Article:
Celebrating the Best Parts of the 13 Shut-Out Shows #TonyNominations
Tony® Award nominations came out today, BroadwayBox has a sweepstakes to pick the winners and a bunch of shows were shut out completely (some unfairly so). Below we look at the 13 shows that received no Tony love and celebrate the best parts of each.
Crazy mad props to Bill Condon for completely reimagining Side Show and making it so beautiful and so real. Come on, the costumes and wigs for the freaks were some of the best of the entire season. That opening “Come Look At the Freaks” was a chilling moment that will be hard to forget.
Personally seeing Carol Burnett, Mia Farrow, and Brian Dennehy sitting there with just a ghost light and a script proved you don’t need a lot of flash to give a full-out, moving and memorable performance. Yeah, I cried for Carol. And yeah, she wasn’t Tony eligible so guess that confession was a freebie.
The Country House
Remember when Daniel Sunjata took off his pants and then made out with Blythe Danner…that was fun.
If you have a child in your life that you want to introduce to the wonder and magic of Broadway and live theatre, there is no better show than Finding Neverland. And for the adults, Carolee Carmello is serving you a younger, hotter Dowager Countess from Downton Abbey; also that second act Laura Michelle Kelly scene was so inventive and so heartbreaking.
A Delicate Balance
Besides still living for Claire Higgins and the moment she very matter-of-factly slapped Martha Plimpton then held her, the revival had a gorgeous set I wanted to move into, great costumes you could just kiki and drink by the bar in and a cast that actually earned the oft-over-used phrase “star-studded.”
Three words: Paul. Alexander. Nolan. Who knew he could dance?! And that voice don’t quit—not even for a second. Pasha is a hard role because of all that Strelnikov nonsense, but he really did deliver. For a moment there was some heat in Siberia.
Too hot a ticket—didn’t see it. But I really like Seinfeld, so there’s that.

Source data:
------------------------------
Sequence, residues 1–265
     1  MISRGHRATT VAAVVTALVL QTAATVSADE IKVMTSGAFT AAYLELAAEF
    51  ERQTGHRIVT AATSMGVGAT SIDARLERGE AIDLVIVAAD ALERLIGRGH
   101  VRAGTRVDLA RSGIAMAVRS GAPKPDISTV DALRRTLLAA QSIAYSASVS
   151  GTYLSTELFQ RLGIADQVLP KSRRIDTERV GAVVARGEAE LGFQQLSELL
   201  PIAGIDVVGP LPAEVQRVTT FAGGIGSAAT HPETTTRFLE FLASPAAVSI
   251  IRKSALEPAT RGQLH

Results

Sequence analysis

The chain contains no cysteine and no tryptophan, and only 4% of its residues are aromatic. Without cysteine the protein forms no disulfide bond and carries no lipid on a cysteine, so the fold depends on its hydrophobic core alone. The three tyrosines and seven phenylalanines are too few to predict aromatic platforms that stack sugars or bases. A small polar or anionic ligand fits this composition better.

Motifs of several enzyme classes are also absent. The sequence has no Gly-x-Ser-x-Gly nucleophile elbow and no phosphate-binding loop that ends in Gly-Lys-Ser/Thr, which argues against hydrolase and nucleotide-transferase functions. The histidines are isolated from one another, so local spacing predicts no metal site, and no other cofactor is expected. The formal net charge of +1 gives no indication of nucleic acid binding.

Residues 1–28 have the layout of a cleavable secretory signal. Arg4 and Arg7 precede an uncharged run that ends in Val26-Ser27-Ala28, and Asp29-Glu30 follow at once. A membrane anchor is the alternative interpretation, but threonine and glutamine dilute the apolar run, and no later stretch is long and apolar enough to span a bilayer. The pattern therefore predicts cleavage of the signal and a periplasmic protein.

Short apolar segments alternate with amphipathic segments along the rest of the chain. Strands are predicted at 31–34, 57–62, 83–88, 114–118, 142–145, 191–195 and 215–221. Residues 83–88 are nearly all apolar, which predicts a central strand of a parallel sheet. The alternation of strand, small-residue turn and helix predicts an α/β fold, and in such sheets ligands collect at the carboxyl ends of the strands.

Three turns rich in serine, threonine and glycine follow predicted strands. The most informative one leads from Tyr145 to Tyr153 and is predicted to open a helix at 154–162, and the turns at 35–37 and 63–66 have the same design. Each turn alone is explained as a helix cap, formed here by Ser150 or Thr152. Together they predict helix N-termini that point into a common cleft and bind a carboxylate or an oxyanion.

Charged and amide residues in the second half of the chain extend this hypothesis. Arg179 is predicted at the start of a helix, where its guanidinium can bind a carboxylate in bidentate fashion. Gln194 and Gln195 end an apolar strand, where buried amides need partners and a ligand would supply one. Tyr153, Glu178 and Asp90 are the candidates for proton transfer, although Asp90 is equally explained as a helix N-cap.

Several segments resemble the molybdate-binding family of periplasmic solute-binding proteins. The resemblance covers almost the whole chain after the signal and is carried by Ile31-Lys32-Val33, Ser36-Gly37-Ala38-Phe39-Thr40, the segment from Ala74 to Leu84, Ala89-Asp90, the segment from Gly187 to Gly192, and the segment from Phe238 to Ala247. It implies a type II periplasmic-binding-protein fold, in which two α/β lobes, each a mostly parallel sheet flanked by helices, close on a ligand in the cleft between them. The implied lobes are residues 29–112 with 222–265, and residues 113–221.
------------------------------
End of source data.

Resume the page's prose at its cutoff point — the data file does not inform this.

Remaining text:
Remember that time Hugh Jackman was soaking wet, cooking up dinner and only about five feet away? Apparently the Tony nominators did not. Also, snaps for a show that introduced B’way audiences to the luminous Brit Cush Jumbo.
Derek McLane’s set was legit, the bulters were lovable and it’s the only romantic comedy with Trixie on the marquee. Seriously though, Douglas Sills deserved more love for how funny and committed he was to that role.
ISBY should borrow the subtitle ‘A Gay Fantasia’ from Angels in America because any show that has Tony winners Tyne Daly and Harriet Harris battling it out, Broadway’s favorite Christine Daaé marrying the adorable David Burtka, a great gay subplot, Anne L. Nathan as a trampy drunk aunt and Lisa Howard belting for the gods was clearly made with the gays and the moms in mind…and we appreciate it.
The Real Thing
Critics weren’t in love with the idea, but I personally enjoyed the big role music played in this revival. Remember when they all sat around singing at the beginning of Act II? That was really sweet, especially for a show all about cheating.
Holler If Ya Hear Me
Saul Williams gave a wonderful performance as Holller If Ya Hear Me’s central character. He was so real and gave the Tupac musical some legit street cred.
Honeymoon in Vegas
There was no ‘best part’ of Honeymoon in Vegas— it was great from start to finish. Highlights would have to include the wonderful throwback score, the genuinely funny performances (#LoveForMcClure) and a flying Nancy Opel. But I would think in another season, Honeymoon would have been the big hit to beat.
Show some love to these shut out shows by snagging a discount ticket to see them and their undeniable merits live.